Smartphone holders world over, perhaps realizing this fact of their role as mere ‘sighters’ than ‘citers’ have more or less turned their attention to themselves and what has come to us as result of this reverse training of the lens is a host of images that expose the interiors of the physical as well as the mental architecture of the human beings. These images create and imitate specially designed events mainly for fun and displaying histrionic prowess of the smartphone holder, collapsing the barriers of culture, bringing in unprecedented, provocative, radical and even blasphemous images of the self and its surroundings. Sighters have become citers of their own circuit; a sort of visual quotation that irrespective of cultures validates the given act and allows into the circulation of a parallel visual culture. While many people still tend to pick up their smartphones at a ‘sighting’ know for a fact that the citational value of their images is next to nil and they also that if they invest their energies in creating their own repertoire of images that would give them visibility as ‘citers’ but with a niche audience, non-academic perhaps that runs into millions!

With millions of viewers and millions of recreations, does a photographic event become historically relevant, transcending its mere/meagre recreational value? Historical values are created when societal values are affected, thrashed, collapsed and remolded through contentious socio-political and economic factors and dynamics. These reverse camera events of former sighters who crave for citational authority may maximum achieve place in the associative visual thinking of the viewer/s who in fact wonder which event spurred the given image/moving image as multiplication and re-production through various of cultural adjustments make the original event lose its very point of origin itself. It becomes a universal mock currency of images.

Johny ML

Johny ML is a writer, translator, art historian, art critic, art curator, editor of art magazines, poet and a prolific blogger. He has three post graduate degrees in Creative Curating, Art History and Criticism, and English Language and Literature. His writings related to arts, culture and politics have been published in several print magazines like Creative Mind, Art Illustrated, newspapers and weeklies in English and in Malayalam. He also founded and edited many popular online art journals. He has been an editor of the Art and Deal magazine also has guest edited Art Etc. He contributes to Art India Magazine, Creative Minds, Art Journal and many other exclusive art magazines. Currently he writes in Stance Magazine and He is one of the pioneering curators in India. He has authored eight independent books so far and has contributed to various volumes, and translated thirteen books so far. Johny ML lives and works in Trivandrum, Kerala.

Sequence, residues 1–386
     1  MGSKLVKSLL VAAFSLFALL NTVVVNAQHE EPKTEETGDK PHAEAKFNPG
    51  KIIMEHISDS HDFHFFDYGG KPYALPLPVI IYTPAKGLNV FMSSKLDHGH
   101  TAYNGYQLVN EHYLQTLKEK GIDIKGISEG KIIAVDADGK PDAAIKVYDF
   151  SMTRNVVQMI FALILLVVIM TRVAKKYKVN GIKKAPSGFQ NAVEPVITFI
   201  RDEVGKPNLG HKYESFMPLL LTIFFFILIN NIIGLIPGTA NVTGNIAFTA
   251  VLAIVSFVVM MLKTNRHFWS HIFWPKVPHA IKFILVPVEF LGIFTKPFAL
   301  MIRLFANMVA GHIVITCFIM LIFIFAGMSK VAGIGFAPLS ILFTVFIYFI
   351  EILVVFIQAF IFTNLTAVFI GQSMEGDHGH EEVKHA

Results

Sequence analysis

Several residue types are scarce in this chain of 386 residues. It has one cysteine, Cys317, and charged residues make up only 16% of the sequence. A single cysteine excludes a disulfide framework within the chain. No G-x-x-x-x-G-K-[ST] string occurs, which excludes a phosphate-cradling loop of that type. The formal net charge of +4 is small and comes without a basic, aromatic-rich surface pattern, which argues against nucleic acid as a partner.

Published on January 4, 2021


Home » Portfolio » Authors » Johny ML » Contemporary Photography as Sighting Vying for Citing

Related Articles


A Sense of Dislocation

Indian photography hasn’t seen many such explorations that interact and intersect with other media such as light art. But this has started to change in the last couple of years, with a few photographers trying to do light painting; and it is in this context that Joyel K Pious and Gaurav Rachamalla’s collaborative photo project becomes striking. Although this style is popular in the west, this collaborative project stands tall and distinctive amidst the usual Indian street and documentary photographs. It probes the philosophical underpinnings that are intrinsic to the medium itself as well as pose several questions related to urbanisation.


On Ajith Nedumangad’s Photographs

It is the sheer absurdity of the sculptures created and photographed by Ajith that hits the viewer right from the off – juxtapositions (reminiscent of the Dadaists and Surrealists) in which materials and the forms they are used to create are often in conflict with each other and, at other times, are self-referential in a darkly humorous manner.